Rochester Rotary is helping change lives globally through repeat mission trips to Nuevo Edén, Guatemala. Rochester Rotary President and local pediatrician, Jay Eastman, M.D., his wife, Rochester Rotarian Linda Eastman, and Rochester Rotarian Dr. Bill Ebinger, led the efforts for the vision mission trips, with the most recent trip taking place Jan. 18 – 24, 2014.

 

Through the support of other Rotary Clubs in District 6380 and private donations, Rochester Rotary has sent the Eastmans, Ebinger and other Rochester Rotarians on annual medical mission trips to Guatemala to treat the general population of Nuevo Edén since 2007. During the annual trips, patients that need follow-up care are identified and, through collaborative efforts with other physicians and medical practitioners, the majority of whom are Rotarians, follow-up trips are made to provide the additional care needed. It was on the annual trip in Nov. 2012 that the medical team noted the dire need for a variety of vision treatments.

 

In September, Dr. Eastman partnered with two optometrists and a student from Bascom-Palmer Eye Institute in Miami, Fla. to treat more than 350 patients in Nuevo Edén. Of those patients, 98 received reader eyeglasses, 74 were identified that needed prescription glasses and an additional 76 patients were identified that needed cataract surgery. Based on the assessment of follow-up care needed, the medical team was in Nuevo Edén from Dec.2-6to distribute the prescription glasses.  The team then performed 70 cataract surgeries during the most recent trip.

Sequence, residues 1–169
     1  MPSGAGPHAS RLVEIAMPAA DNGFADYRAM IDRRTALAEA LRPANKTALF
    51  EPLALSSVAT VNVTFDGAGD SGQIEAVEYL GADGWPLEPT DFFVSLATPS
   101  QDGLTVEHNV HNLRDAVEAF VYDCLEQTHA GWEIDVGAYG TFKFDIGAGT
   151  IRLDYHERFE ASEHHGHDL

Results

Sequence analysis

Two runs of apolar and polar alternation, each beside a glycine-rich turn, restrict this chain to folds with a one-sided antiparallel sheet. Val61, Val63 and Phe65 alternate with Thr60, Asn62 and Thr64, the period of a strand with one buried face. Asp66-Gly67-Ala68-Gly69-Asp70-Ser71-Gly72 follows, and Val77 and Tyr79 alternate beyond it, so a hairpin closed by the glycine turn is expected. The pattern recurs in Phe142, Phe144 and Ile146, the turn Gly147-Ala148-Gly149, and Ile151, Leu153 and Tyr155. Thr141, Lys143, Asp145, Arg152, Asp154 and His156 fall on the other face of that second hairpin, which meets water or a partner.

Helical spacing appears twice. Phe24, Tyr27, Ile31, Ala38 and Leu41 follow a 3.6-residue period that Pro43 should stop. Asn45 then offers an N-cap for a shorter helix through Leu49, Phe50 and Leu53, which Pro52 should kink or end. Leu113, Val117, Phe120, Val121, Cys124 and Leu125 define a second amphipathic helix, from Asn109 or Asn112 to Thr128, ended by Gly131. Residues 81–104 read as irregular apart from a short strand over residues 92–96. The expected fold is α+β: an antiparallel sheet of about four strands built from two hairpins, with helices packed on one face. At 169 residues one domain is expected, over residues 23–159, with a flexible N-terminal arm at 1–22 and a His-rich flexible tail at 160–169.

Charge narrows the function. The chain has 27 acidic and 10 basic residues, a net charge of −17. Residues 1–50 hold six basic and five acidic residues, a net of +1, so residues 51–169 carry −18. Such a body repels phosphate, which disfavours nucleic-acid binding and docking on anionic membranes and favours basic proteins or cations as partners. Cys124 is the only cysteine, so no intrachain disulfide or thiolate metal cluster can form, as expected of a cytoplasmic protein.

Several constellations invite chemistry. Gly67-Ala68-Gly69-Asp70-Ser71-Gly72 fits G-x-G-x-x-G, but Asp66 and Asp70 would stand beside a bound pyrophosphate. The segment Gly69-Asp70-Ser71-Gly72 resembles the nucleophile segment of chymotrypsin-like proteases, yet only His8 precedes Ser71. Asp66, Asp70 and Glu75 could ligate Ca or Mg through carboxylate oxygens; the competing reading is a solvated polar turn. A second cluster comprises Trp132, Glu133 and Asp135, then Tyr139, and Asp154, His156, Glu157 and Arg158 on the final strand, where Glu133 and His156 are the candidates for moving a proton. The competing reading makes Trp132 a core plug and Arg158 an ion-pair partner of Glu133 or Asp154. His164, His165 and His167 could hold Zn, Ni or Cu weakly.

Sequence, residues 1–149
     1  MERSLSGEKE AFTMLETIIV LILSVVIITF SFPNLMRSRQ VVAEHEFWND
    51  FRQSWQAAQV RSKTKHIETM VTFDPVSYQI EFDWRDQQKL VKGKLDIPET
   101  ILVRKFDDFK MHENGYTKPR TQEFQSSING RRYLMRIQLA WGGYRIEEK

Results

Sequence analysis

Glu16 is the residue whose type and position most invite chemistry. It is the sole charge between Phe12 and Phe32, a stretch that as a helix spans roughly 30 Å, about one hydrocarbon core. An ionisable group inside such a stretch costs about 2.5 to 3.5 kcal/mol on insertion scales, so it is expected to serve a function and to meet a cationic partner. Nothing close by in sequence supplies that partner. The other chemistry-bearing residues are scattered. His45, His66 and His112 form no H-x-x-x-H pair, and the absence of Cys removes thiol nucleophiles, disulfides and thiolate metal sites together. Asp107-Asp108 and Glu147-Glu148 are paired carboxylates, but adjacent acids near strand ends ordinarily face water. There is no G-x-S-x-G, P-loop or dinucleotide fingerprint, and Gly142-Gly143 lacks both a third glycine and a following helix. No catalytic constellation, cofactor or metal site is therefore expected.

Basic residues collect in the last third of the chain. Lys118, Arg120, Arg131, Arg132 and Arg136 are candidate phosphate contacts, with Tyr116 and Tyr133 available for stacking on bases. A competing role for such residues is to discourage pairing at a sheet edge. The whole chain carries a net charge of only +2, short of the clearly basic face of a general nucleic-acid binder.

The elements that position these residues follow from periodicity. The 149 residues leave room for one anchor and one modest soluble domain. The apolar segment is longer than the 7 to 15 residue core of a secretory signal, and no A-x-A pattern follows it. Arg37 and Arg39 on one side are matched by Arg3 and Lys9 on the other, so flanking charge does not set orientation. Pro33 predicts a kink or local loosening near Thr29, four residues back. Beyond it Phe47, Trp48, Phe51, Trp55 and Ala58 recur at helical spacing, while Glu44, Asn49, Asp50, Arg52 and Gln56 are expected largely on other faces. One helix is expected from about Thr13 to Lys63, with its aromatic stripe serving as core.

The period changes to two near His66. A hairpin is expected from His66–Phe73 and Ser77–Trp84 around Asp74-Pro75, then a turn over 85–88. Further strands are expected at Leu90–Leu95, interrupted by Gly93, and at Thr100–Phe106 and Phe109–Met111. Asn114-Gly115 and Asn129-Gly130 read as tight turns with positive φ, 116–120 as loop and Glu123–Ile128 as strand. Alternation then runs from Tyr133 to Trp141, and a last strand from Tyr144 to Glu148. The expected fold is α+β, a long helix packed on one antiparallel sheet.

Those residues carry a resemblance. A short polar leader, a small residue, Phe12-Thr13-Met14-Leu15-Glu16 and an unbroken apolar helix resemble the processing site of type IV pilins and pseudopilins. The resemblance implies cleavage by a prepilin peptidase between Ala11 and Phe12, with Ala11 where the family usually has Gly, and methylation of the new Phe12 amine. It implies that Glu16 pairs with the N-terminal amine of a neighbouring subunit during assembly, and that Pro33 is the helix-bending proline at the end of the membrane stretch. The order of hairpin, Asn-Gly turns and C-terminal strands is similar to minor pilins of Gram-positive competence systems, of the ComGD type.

The patients served on the January vision mission were 65 to 90 years of age and traveled more than 13 hours to arrive at the hospital where the surgeries were performed. According to Linda Eastman, for many of the patients, it was the first time they had been away from their communities.

 

“It was a leap of faith to venture out into the unknown, especially since a lot of them do not speak Spanish. However, a Mayan woman named Magdalena, a health promoter from one of their villages, accompanied them and made sure they felt secure in the unfamiliar surroundings,” said Linda Eastman.

 

Of the 70 patients treated, only 15 could sign their name on the surgery consent form; the remaining 55 patients had to consent with a thumbprint, said Linda Eastman.

 

“I know that the hospital bed was the most comfortable thing they have ever slept on. For these patients, it is typical to sleep on a straw mat on the floor,” said Linda Eastman.

 

The morning after the cataract surgeries were performed, the doctors checked the patients’ eyes to make sure there were no post-op complications. According to Dr. Bill Ebinger, when the bandage came off, it was obvious the patient was seeing clearly for the first time in a very long time.

 

“The patients would start pointing at things when the bandage was removed and at their family members. One man even tossed aside his cane and walked unassisted. It was so rewarding to see the patients’ reactions to having their sight restored,” said Ebinger.

 

“The patients expressed their deep appreciation in many different ways with lots of hugs and kisses, ‘muchas gracias!’ and ‘God bless you!’ as well,” said Linda Eastman. “At the end of the trip, 70 people who could not see a week prior had their vision restored. We were extremely happy with how things went and hope we can do it again in the future.”

 

  

 
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